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Topic: Entertainment    Title: The Great Diversion.  Author: Grant Eaton.
Date: Originated: January, 1999.  Last Modified: 28 July, 2002

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The Great Diversion.

Edited by Grant Eaton

"....Our politics, religion, news, athletics, education, and commerce have been transformed into congenial adjuncts of show business, largely without protest or even much popular notice. The result is that we are a people on the verge of amusing ourselves to death."
It was Dr Neil Postman in Amusing Ourselves to Death (New York, Viking, 1985) and The End of Education (Knopf, New York) that started me thinking about these aspects of our culture's impact on effective music ministry. (Quoted in TV or Not TV, Rowland Croucher.)

Dr Howard Hendricks, in a seminar for Church leaders ('Creativity: Making a Difference by Being Original' Adelaide College of Ministries, 1993) quoted A.W.Tozer's 1939 insight...
...."spoon-feed this incipit problem to our inquiring youth, and to make it palatable, spice it up with carnal amusements, filched from the unbelieving world. It is easier to entertain than to instruct. It is easier to follow degenerate public taste, than to think for oneself. So too many of our evangelical leaders let their minds atrophy, while they keep their fingers nimble, operating religious gimmicks, to bring in the curious crowds."

John Smith: "Music is used as an analgesic" We live in an analgesic society...pain is for a purpose - to recognise that something is wrong and deal with the CAUSE of the pain...Drugs, Sex and Rock 'n Roll - are analgesics commonly used to escape temporarily from pain - and the church seem to the trend with 'feel good' concerts and so-called Praise and Worship, when REAL issues, REAL causes of peoples' pain, are ignored. The 'mindless state' too often prevails. What about "be not conformed to this world but be transformed by the renewing of your MIND".

And Rowland Croucher... on being aware of the enemy's strategy.
'The devil has a particular strategy to destroy your ministry, your church, and your denomination: you'd better know what it is. You have to identify the enemy's intentions and tactics if you are to counter them with the spiritual weapons at our disposal.' (Sex and Pastors, Rowland Croucher)

These thoughts and others have led me to pursue the following proposition:

An effective strategy of the enemy is the creation of a GREAT DIVERSION. In contemporary western culture, one such great diversion is Entertainment.

"Live it up" "You deserve a break today" "the pursuit of happiness" "if it feels good, do it" (and by inference, "if it doesn't, don't.") - these are the catch-cries of our day. Whilst Entertainment has an important role to play in our enjoyment of life, it can so easily distract us from dealing with the real issues of life and the tragedy is that, in the process, it may distract us from attaining the Life that God intended us to have. While it masks the passing pains, it might also deny us the ultimate rewards of a disciplined life.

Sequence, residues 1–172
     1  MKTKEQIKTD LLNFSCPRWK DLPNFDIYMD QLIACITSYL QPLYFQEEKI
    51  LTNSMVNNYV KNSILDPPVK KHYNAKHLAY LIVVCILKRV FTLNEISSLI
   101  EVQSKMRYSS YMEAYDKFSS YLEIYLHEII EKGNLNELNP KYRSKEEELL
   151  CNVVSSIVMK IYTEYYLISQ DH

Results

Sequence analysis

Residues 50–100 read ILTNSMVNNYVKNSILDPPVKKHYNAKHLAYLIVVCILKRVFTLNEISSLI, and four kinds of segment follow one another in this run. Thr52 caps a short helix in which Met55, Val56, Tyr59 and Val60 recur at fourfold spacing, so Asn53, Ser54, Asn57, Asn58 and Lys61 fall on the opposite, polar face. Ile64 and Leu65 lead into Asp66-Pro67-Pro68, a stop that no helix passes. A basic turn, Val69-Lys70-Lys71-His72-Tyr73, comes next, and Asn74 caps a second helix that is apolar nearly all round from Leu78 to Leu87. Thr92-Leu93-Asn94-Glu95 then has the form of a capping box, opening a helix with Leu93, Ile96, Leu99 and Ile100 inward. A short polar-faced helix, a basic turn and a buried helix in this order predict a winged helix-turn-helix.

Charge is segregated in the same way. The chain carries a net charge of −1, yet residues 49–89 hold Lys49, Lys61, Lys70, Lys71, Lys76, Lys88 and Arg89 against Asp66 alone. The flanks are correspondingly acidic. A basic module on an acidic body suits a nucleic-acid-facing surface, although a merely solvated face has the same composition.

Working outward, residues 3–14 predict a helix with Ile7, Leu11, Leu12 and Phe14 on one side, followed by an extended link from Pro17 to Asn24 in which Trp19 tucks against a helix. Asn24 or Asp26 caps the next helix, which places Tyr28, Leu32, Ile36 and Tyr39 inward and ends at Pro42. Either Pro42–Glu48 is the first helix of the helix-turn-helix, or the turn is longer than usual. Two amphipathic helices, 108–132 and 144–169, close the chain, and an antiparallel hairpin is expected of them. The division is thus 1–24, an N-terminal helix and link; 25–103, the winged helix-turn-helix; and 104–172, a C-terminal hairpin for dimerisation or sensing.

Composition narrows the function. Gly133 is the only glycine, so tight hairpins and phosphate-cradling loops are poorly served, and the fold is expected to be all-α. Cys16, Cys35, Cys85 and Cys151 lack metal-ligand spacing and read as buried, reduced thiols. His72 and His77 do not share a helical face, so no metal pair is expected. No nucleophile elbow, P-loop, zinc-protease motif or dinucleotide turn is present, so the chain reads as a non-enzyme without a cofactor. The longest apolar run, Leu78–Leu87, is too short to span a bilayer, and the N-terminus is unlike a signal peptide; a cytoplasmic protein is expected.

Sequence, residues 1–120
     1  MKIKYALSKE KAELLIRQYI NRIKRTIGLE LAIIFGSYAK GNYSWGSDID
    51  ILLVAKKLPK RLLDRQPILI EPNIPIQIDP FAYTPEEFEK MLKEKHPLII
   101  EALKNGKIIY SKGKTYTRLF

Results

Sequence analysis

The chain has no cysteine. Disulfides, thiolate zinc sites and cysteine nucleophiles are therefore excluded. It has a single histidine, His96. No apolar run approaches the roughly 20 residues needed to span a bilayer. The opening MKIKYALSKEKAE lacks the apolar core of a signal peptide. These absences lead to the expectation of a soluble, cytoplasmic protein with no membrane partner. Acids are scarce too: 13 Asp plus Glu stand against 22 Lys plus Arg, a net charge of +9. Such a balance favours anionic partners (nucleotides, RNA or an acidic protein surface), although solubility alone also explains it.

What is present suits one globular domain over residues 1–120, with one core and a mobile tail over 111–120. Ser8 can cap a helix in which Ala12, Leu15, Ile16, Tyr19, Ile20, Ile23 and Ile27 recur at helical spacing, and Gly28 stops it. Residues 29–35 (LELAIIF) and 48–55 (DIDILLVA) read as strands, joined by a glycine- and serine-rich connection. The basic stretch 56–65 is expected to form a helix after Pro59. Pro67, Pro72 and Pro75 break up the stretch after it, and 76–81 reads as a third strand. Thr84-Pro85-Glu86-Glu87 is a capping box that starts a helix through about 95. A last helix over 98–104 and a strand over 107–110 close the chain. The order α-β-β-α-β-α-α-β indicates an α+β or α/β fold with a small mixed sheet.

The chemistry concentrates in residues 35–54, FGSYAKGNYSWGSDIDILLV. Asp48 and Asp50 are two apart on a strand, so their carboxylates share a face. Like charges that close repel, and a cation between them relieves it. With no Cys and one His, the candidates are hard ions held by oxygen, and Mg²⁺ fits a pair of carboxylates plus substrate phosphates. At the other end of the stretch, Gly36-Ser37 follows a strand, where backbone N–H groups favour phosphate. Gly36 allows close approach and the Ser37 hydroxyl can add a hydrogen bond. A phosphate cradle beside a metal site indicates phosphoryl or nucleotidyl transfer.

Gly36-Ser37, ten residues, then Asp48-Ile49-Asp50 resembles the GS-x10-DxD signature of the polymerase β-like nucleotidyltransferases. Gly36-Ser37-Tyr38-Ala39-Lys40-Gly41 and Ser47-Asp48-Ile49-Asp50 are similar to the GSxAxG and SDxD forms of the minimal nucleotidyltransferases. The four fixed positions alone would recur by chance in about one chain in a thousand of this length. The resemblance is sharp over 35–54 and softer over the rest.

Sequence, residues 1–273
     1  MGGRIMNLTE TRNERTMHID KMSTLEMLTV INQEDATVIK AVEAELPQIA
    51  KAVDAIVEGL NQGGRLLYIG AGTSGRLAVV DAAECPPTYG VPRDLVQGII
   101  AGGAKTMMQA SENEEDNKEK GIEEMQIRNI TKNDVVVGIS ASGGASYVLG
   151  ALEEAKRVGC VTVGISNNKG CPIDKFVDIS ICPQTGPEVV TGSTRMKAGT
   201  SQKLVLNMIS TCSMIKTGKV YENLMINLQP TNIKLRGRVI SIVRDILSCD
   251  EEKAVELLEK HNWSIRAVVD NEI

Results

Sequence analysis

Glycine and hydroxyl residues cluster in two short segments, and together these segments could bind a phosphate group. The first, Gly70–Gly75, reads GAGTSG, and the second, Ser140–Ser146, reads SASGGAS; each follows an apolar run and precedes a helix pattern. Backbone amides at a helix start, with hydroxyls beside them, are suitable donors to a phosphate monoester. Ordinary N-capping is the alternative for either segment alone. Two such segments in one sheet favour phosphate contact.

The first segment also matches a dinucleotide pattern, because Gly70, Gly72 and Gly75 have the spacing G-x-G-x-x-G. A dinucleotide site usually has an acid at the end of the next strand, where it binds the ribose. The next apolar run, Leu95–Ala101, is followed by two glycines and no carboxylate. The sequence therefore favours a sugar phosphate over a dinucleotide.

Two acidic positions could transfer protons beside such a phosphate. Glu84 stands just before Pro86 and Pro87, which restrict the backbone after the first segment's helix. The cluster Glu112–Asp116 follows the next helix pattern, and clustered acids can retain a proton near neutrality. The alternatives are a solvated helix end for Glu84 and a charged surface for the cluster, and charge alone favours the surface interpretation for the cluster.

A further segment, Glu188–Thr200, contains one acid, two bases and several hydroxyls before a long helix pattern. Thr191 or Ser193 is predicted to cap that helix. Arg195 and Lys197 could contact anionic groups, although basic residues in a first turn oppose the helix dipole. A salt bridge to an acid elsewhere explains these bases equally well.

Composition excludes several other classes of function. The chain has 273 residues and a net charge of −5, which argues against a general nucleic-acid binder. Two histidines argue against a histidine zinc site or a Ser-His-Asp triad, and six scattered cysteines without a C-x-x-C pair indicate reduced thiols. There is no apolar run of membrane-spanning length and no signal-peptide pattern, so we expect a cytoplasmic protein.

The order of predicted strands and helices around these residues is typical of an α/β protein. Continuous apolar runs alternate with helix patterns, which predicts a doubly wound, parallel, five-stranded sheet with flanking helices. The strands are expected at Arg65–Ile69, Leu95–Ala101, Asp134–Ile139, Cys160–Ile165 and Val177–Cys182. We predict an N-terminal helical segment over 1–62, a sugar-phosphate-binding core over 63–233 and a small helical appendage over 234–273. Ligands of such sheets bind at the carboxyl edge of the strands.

"Not Pain - No Gain", they say but "they" also are the first to complain if their senses are starved of the latest and best the Entertainment Industry has to offer. Athletes know the price they have to pay reach their goals. Do coaches entertain their athletes in training sessions, keep them happy with amusements, or do they focus on their goal?

To what extent does the Entertainment Industry influence our lifestyle and patterns of thinking?




TV News and Current Affairs programmes tread a fine line between informing the public and entertaining the public. (Jana Wendt)

For the athlete we can see evidence of music being used as a distraction from the pain and boredom of repetitive gym or track work. With the professionalisation of sport, the athlete's is more is increasingly more that of an entertainer. "It's more than a game" is the hook that Australian TV uses to catch a bigger audience to our brand of Football, and indeed it is! It's a great diversion! It is a great way to let off steam, and distract us from the sometimes dreary and painful aspects of daily life, but it can also become a total obsession. For some the game becomes their life, their entertainment, their religion. What was once a welcome diversion from daily routine, and a healthy addition to our otherwise sedentary lifestyle, is developing into an insatiable appetite for entertainment, and the media clearly fuels the feeding frenzy. Are we then tempted to maintain the same level of hype in our church services to engage our audience?



Muzak in the supermarkets to ease the pain of shopping - Car radios to distract from the tensions of the freeway and traffic lights - Jingles to draw our attention to a product. It is a very competitive world out there, and it seems, if it is not entertaining, it's not going to sell. Entertaining music helps sales. And what about the worshipper who has been listening to music all week as a means of escape?

For the Christian, it can so dominate our lifestyle and patterns of thinking, that even our Church Services can become another distraction from the real issue of our response to the Presence of God.

When confronted by the awesome presence of a Holy God, Isaiah's response was "Woe is me" (Isaiah 6), followed shortly by "Here am I, send me."  "I really enjoyed the Service" or "The soloist was a bit off, today" seem to be more common responses today. 

Are we more concerned with of "taking up our cross, and following Christ"    


Suggested Reading:

Dawn, Marva. Reaching Out Without Dumbing Down Eerdmans, 1995
TV or not TV Rowland Croucher. John Mark Ministries <http://www.pastornet.net.au>
Dr Neil Postman in Amusing Ourselves to Death (New York, Viking, 1985) and The End of Education (Knopf New York)

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